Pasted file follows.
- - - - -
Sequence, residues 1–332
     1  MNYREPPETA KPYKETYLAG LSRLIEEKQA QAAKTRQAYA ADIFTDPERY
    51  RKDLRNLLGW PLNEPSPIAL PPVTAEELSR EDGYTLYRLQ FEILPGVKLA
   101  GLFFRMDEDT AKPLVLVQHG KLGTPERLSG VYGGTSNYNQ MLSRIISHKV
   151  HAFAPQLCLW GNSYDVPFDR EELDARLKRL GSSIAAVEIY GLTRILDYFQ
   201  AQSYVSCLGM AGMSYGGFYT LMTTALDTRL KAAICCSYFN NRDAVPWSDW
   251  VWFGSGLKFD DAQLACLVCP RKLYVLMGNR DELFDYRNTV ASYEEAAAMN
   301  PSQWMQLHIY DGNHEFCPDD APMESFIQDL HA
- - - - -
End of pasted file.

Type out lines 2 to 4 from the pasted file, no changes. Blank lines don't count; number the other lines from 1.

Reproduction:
     1  MNYREPPETA KPYKETYLAG LSRLIEEKQA QAAKTRQAYA ADIFTDPERY
    51  RKDLRNLLGW PLNEPSPIAL PPVTAEELSR EDGYTLYRLQ FEILPGVKLA
   101  GLFFRMDEDT AKPLVLVQHG KLGTPERLSG VYGGTSNYNQ MLSRIISHKV